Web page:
There’s no fairy godmother out there waving her wand and offering drugs, doctor visits, and an hour under the surgeon’s knife free of charge. The money must come from somewhere – our taxpaying pockets, in a nationalized system.
And that means we can’t have everything we want. That’s how government funding works. The money is spent where it’ll do the most good.
That’s why there’s an interstate highway between the capital cities of Massachusetts and New York (Boston and Albany), but not between the capitals of Maine and Vermont (Augusta and Montpelier). Highways are funded according to how many Americans they’ll serve.
And health care, under a national system, must be funded according not to how many American lives it’ll save, at any cost; but to how many American lives it can make reasonably healthy, for a reasonable amount of time.
Once we make the decision to fund health care for all Americans, and come to grips with the fact that the system will inevitably operate within certain limits, we run up against the toughest question of all: what are those limits, and who sets them?
I can’t begin to answer that question. I’m not an economist, a specialist in health care, nor any other kind of expert (save in baking chocolate chip cookies, perhaps). But I recognize the need for limits on health care spending, and the fact that someone has to determine those limits. And I’m comfortable allowing the government to take the lead here, just as comfortable as I am with the Feds deciding where to build those interstate highways.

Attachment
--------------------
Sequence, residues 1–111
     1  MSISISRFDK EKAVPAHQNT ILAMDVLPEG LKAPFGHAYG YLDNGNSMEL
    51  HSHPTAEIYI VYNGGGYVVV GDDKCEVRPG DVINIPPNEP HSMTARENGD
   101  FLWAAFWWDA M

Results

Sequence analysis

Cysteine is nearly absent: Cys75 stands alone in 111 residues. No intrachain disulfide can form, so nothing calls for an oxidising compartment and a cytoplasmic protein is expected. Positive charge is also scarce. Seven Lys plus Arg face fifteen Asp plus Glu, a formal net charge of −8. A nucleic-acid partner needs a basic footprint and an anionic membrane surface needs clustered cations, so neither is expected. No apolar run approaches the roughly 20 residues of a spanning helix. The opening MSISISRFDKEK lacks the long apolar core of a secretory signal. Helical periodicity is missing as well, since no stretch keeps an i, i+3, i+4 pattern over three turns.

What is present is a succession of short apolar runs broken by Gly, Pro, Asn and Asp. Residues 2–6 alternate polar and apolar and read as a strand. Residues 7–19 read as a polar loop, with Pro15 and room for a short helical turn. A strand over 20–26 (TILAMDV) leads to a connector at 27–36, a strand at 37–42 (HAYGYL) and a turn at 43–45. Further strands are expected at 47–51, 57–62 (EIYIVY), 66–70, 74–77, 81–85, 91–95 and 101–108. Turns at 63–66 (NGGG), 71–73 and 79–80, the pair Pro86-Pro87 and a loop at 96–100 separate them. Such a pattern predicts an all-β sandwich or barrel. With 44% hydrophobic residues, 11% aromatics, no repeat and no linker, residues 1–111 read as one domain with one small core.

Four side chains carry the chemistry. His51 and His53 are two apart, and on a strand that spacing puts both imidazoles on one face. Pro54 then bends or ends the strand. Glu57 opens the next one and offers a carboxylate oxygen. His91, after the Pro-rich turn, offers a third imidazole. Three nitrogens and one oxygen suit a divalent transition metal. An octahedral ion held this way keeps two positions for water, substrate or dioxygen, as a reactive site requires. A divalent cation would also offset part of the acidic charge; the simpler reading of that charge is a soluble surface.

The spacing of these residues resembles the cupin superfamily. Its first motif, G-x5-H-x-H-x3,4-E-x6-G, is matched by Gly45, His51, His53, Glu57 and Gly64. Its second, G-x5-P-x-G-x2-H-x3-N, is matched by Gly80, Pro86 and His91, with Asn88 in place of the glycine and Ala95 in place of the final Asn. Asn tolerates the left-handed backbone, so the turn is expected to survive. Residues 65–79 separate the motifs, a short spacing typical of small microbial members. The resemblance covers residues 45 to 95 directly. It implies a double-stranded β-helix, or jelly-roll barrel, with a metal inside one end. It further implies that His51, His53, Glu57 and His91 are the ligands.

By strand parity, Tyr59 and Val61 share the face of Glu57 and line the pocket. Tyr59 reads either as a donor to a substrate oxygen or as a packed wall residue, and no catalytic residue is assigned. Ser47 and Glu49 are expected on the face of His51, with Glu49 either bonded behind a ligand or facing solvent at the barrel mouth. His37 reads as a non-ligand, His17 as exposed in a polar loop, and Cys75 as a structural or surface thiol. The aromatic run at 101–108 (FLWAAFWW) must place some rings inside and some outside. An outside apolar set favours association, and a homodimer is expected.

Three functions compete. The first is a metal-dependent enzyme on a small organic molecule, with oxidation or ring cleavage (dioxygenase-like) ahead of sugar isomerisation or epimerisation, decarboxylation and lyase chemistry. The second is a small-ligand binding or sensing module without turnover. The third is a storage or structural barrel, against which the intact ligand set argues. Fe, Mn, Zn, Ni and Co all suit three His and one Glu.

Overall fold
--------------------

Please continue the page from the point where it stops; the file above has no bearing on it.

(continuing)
I’m a glass half-full person. I believe that our lawmakers will eventually step up to the plate and fashion a health care system that does the greatest amount of good for the largest number of people.
If that system mandates that, at age 85, I can’t have a drug or operation that’ll extend my life another 6 months, I hope I have the grace to accept that decision.
And if the money the government doesn’t spend on me saves the life of a young mother with breast cancer, I’m totally good with that.
Personal sacrifice for the greater good is what it means to live in a democracy. It’s the American way. Let’s apply that behavior to the current crisis, and pull together to create a new system, one that offers all Americans access to basic health care.
After all, we do have that history. As Ben Franklin said, on July 4, 1776, “We must indeed all hang together, or most assuredly we will all hang separately." Thankfully, we hung together then. We can do it again now.
One final note: Just 1 hour after I'd posted this, I got the following email from my mom. She's 83 years old, and in fairly good health. Here's what she says:
"I think we older people must understand that we've been taken care of now since age 65 and are no longer contributing much to the welfare of the country. Why should we expect to continue to get better treatment than younger people who have a lot to contribute and who haven't had the pleasure of living a long life? You know how I feel about dying. If I got cancer now I wouldn't want to have chemo and radiation. Just let me live a natural life until the end (with some pain relievers). Congress would never agree to cutting off benefits to old people because they're a big block of voters. But why don't they think about the common good instead of keeping their jobs? They have good pensions and health care and could retire in luxury. I'm proud of you for presenting your viewpoint. There have to be more people like you in this world. Love, Mom."